I spent my sophomore second semester with her. I had long wanted to move into that particular dorm, filled with creative people and intellectuals. It adjoined the all-women’s dorm where I’d spent a year and a half, and though I worked in the food service for both dorms, I was done with all girls, all the time, all that catty bitchiness and sorority nonsense.
I first met ‘Anna’ with her friend she introduced as ‘Mandy’. Mandy was at least ten years older, and I did get a vibe when I met them. They were very close, and clearly Anna was the shy one where Mandy was chatty. I liked her. They were both nice.
I found out pretty quickly that Anna and Mandy were a couple. It was unspoken but I didn’t mind. Within days Mandy began sleeping over in Anna’s narrow dorm bed.
At first, there was no sex, just co-habitation. Again, I didn’t care. As long as I could get some sleep, that was fine. Soon, they would wait until after midnight when they thought I was asleep, and they would make love.
There was a sense of denial that any relationship was actually occurring. This was of course a little difficult since our beds were three feet apart in the room. And I was getting really, really annoyed.
Anybody who has shared a dorm room with a roommate who has a partner will understand. There was no notice, and since I was not supposed to know Anna and Mandy were a couple, they did not sit me down and ask if I could give them some private time together every once in a while, or even if I minded Mandy sleeping over. I am not very confrontational, and I felt that there was a level of fragility in this situation that I didn’t want to stir up.
If they had asked me if I minded giving them some space to be together, I would have said, hell no. I didn’t care. I could have chilled out on the couches in the lounge or stayed late in the studio.
But I did care being woken up by the sounds of them going at it for a few hours at a time. Then Mandy would rise at 4am to shower then return to our room to blow dry her hair, again, three feet from my bed, so she could leave for the hour and a half drive back to her hometown and work. Then Anna would be up an hour later repeating the performance.
I was getting seriously sleep-deprived and I get seriously cranky when I am woken.
But I couldn’t talk about it with Anna. Her wall of denial was so tall and strong, if I said anything, she would act like she had no idea what I was talking about. She would play her Christian rock, with her side of the room decorated with posters emblazoned with religious platitudes and kittens, have sex with Mandy the same night, then and act as though nothing at all was anything less than purely heterosexual in her life.
No matter I said I was fine with their relationship. Anna was very reserved, very firm and just insisted she and Mandy were just friends. I tried.
Well, this played out for a couple of months, and I’d had enough. I was trying to stay at my studio as late as possible to respect their privacy, but no matter how late I got in, creeping in quietly with all the lights off, once they thought I was asleep, they would get busy, and I would wake up.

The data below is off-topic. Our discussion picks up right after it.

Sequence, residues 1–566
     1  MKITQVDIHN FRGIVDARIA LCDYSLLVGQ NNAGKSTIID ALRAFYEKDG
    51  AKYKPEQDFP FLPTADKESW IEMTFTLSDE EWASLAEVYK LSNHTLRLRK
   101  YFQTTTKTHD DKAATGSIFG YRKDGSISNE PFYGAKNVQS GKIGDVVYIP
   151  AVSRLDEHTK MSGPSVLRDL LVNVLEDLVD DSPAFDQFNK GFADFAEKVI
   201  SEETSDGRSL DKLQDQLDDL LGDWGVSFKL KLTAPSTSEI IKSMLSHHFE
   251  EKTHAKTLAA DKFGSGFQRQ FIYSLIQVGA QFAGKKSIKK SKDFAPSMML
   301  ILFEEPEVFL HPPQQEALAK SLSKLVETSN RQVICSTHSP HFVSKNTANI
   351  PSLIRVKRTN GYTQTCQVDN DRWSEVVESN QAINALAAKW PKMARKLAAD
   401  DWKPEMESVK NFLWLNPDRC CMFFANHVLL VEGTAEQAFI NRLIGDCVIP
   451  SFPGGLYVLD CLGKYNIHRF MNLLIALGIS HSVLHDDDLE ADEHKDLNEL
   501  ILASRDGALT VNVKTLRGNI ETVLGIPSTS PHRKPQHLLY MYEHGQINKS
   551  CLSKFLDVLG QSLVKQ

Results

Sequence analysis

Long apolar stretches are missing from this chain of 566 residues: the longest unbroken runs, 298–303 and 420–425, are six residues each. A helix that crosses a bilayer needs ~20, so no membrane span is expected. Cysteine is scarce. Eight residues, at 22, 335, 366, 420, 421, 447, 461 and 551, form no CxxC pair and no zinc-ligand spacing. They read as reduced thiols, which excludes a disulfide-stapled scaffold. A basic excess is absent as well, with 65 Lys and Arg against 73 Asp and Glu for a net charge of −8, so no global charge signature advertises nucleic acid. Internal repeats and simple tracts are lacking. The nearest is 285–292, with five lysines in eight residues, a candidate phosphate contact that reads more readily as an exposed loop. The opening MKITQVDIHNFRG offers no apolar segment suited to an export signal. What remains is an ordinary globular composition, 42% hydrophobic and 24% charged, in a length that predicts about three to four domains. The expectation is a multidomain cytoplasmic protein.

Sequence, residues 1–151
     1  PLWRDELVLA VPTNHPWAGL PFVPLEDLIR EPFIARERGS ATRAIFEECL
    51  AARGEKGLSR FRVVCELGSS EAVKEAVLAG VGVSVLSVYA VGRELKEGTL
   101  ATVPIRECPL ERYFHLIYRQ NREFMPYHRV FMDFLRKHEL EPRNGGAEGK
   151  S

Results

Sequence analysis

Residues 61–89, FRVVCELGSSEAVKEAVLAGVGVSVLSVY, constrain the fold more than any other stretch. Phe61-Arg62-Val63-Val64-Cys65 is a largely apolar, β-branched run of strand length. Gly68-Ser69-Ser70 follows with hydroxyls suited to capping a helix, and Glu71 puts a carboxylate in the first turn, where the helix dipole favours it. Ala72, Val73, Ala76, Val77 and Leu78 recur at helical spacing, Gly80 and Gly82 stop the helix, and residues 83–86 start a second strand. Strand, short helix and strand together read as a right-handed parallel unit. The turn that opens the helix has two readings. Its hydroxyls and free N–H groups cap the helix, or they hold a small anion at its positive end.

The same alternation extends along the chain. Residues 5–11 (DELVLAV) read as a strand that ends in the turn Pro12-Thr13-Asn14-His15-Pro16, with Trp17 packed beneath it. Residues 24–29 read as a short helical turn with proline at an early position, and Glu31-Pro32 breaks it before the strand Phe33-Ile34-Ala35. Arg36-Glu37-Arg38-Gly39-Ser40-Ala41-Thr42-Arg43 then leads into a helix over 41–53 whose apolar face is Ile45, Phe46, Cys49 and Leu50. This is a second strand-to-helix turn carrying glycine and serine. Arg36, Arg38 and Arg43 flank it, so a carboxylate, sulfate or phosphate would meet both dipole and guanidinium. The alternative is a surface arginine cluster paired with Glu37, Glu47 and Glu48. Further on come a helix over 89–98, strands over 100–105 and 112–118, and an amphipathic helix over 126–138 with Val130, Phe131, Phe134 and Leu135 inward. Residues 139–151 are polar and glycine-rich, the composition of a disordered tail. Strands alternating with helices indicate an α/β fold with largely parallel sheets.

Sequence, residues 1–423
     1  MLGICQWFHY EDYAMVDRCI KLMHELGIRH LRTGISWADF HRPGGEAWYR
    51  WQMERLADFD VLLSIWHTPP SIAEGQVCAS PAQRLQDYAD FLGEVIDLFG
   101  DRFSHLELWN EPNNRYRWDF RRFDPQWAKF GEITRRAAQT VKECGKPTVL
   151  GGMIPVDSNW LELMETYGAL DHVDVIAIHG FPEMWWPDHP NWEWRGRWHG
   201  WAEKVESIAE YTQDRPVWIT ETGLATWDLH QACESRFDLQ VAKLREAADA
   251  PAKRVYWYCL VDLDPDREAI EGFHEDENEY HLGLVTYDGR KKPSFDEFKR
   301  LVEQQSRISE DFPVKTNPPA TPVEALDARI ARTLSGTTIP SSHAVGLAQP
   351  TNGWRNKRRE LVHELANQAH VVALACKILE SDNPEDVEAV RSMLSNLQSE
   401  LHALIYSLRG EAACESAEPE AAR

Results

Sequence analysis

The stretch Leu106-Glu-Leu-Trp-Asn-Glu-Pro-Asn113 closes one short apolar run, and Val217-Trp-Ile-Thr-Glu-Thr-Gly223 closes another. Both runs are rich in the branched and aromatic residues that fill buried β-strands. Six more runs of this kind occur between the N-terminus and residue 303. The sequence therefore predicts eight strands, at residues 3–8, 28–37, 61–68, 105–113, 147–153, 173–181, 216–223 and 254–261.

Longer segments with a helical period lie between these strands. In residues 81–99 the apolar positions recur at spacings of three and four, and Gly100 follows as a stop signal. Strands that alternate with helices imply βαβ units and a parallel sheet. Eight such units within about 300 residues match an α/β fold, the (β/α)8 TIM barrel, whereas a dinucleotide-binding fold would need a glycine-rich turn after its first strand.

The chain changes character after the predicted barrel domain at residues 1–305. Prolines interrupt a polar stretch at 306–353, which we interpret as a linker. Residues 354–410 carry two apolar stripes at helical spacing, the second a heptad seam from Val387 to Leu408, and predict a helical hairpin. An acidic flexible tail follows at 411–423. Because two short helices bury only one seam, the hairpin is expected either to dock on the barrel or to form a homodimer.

I went to the RA and found out switching rooms was not possible. Everything was booked up. I said I could care less if Anna was sleeping with a woman or a man, but I felt that it was only courteous to work out some roommate agreement that would allow for me to get some consistent sleep.
The RA talked to Anna then we both met confidentially with the head guy in the dorm. Nothing was resolved. Anna was adamant that there was no relationship, I pleaded I needed sleep. We came to an impasse, and Mandy kept sleeping over. I stayed later and later at my studio.
Right before spring break, my dad came down from Chicago to pick me up. As you do with your folks, we had lunch and I remembered I had forgotten something in my room. My dad dropped me at the door of the dorm and I ran upstairs.
I was not prepared for what I found. I heard music playing so I tapped on the door. Anna opened it and was dressed in a satiny robe and a mustachioed older man was sprawled out on her bed. The room stank of sex.
I had a whiplash ‘whoa there’ moment, blindly grabbed what I needed, excused myself and booked it.
I did see him again, but I also saw Mandy. By that time, I had no idea what the hell was going on but I just counted down the time for the end of the semester. Thankfully, he never stayed the night. He freaked me out.
I was 19, and looking back, I was being very insensitive. As far as I felt, Anna and Mandy were together, that was fine, but wasn’t there roommate etiquette? I couldn’t see that for Anna, it would have been frightening and confusing. I lacked an understanding at that age that for some people like Anna, admitting even to themselves that they were gay or lesbian would be like climbing Mount Everest.
In a way, despite their clear closeness in the dorm and in public, despite their sexual relationship in front of me, a relative stranger, I think I outed her and that was pretty horrible if I did. Maybe. I don’t know. It was not up for discussion.
If Anna had been unconditionally loved and told that whatever choices she made were ok from day one, and she would not only be feel from judgement, but supported, maybe what happened would not have happened. We could have talked openly on the first day about her relationship with Mandy and worked out arrangements for them to have private time.
Most of all, Anna would have been liberated from the prison of her own uncertainties and fears, and felt free to follow her heart. it is tragic and I sincerely hope that wherever ‘Anna’ is, she has found resolution and a happy life.
I laud Obama for speaking out so publicly against conversion therapy, especially for young people. How we are is how we have always been.
And I ask again, why do we discard love over dogma?
-The featured image is beautiful Leelah Alcorn looking young, and full of promise.